By Ashley Lopez
Florida Center for Investigative Reporting
Gov. Rick Scott signed a bill into law today that would create some transparency in the state’s controversial economic incentives program.
The state’s economic development agency, through a public-private partnership called Enterprise Florida, has doled out millions of dollars in tax breaks and subsidies to big companies in Florida in exchange for job creation.
However, there has been little to no public disclosure about whether those jobs are actually being created. Integrity Florida, a statewide ethics watchdog, wrote in a press release today that companies have not been entirely up their end of the exchange.
According to Integrity Florida:
In 1992, the Florida Legislature created Enterprise Florida with an initial objective of creating 200,000 high wage jobs by 2005. Eight years beyond its original deadline for job creation, Enterprise Florida is less than halfway to its jobs goal. [Emphasis mine]
Enterprise Florida has been operating as an outsourced commerce department with 90 percent of its funding from taxpayers but less transparency than a state agency. The Florida Legislature mandates that Enterprise Florida obtain fifty percent of its operational budget from private sector contributions but the organization’s revenue is presently far short of that mark. Lawmakers may want to revisit Enterprise Florida accountability again in 2014 if the public-private partnership continues to fall short of its required level of private sector support.”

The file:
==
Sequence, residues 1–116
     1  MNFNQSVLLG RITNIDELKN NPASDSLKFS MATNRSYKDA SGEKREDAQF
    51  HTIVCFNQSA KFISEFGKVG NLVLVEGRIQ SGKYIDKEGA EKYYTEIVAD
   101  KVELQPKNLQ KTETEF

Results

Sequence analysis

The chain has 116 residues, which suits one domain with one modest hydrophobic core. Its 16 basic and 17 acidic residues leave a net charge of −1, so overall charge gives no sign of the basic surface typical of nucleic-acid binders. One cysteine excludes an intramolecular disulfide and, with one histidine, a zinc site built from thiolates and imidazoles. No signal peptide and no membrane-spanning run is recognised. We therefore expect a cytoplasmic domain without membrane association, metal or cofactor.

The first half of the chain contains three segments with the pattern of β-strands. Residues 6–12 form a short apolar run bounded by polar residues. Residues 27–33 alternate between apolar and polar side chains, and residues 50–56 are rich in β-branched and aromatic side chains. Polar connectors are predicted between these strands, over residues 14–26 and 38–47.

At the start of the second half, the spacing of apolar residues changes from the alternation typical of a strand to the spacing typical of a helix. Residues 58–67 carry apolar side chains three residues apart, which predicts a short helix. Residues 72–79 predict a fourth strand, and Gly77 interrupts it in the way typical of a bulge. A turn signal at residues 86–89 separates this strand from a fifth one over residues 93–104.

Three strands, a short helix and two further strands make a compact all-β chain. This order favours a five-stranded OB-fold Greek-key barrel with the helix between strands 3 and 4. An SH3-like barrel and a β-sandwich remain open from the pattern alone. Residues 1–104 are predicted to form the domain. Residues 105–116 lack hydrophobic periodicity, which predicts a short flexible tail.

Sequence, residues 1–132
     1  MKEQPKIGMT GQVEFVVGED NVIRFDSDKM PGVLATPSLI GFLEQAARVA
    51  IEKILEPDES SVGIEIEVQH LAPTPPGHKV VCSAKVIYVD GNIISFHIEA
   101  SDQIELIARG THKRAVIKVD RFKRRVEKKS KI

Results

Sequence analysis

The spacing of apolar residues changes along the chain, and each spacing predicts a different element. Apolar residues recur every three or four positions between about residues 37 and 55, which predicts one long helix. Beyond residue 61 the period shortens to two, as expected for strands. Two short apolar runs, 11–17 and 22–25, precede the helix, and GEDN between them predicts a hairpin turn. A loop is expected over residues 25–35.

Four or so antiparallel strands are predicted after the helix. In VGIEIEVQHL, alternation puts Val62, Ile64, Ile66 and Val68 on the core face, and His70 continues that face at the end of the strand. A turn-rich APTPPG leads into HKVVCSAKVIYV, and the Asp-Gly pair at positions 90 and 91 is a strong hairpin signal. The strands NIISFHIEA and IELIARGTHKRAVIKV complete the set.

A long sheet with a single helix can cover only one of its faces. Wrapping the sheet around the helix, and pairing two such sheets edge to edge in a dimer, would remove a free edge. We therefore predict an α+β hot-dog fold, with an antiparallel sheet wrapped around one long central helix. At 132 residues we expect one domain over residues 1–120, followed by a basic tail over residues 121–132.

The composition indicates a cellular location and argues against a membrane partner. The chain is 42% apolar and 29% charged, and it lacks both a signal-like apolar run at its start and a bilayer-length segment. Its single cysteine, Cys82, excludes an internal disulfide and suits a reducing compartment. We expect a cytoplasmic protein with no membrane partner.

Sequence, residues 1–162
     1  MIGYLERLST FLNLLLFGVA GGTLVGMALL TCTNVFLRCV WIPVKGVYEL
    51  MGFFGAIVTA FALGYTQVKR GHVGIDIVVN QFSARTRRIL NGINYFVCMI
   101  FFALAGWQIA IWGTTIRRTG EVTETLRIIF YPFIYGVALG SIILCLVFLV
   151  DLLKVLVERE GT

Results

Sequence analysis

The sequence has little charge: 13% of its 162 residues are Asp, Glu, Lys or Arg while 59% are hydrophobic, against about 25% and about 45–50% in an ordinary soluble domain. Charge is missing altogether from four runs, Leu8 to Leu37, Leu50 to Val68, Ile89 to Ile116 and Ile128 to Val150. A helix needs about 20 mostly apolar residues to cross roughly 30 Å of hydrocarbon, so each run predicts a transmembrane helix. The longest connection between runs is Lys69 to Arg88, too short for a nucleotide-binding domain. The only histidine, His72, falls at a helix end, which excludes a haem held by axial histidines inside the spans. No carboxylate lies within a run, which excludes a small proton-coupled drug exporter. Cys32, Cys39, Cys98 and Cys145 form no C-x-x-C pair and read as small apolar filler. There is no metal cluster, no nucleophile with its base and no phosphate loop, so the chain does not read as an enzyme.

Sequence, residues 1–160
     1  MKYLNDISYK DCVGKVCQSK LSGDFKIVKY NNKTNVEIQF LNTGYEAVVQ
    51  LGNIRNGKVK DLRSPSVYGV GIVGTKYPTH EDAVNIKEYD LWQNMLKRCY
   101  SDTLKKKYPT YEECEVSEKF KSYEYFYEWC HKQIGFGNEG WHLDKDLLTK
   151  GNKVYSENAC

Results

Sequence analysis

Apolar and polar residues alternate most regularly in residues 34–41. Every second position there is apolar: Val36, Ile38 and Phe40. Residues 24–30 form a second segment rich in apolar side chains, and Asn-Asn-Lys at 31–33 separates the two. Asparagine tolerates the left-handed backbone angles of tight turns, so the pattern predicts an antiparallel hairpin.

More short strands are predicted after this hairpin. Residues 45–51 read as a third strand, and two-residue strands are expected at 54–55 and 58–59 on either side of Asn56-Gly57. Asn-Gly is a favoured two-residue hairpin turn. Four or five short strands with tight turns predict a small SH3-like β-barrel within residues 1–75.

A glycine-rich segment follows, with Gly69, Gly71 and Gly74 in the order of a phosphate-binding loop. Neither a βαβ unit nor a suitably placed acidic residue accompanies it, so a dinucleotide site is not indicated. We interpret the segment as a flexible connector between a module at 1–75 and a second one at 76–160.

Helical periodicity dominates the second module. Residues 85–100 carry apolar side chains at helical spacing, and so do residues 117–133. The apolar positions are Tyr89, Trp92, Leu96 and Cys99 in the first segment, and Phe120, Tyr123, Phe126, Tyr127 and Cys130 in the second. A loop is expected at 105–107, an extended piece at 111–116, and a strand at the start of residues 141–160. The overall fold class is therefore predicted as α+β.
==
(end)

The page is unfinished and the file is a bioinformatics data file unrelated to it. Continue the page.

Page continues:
These economic incentives via Enterprise Florida have been one of the major components of Scott’s job creation plans. No other governor in Florida’s history has spent as much money as the Scott administration on economic incentives. For this upcoming fiscal year, Scott asked the Florida Legislature to allocate $278 million for the state’s economic incentives program, but state lawmakers allocated about one-fourth of that amount.
And up until now, there really hasn’t been a way to see whether the strategy is working effectively.
Integrity Florida said that the newly signed House Bill 7007 will be a step toward that transparency.
According to the group, HB 7007:
- Implements an independent return on investment calculator to assess taxpayer-funded economic development projects pursued by state government.
- Builds an online database of all state and local tax incentives given to businesses for economic development.
- Adds accountability clauses to applications to protect taxpayers in economic development agreements between the state government and companies receiving incentives.
- Increases public access to information about taxpayer-funded economic development incentive deals.
HB 7007 also creates a tax break for manufacturers in Florida. The tax break was one of Scott’s legislative priorities this legislative session.
There has also been some controversy surrounding whether this bill legitimately passed in the Florida Legislature. Some state analysts said a supermajority vote was required for the bill to pass because it would negatively affect the revenues of local governments by a large amount. However, the bill only passed with a simple majority. Since that time, some analysts have reversed their opinion that a supermajority was needed.
Integrity Florida and the state’s Office of Inspector General have offered many other ideas on how to improve Enterprise Florida and the state’s economic incentives program, but they have not become law.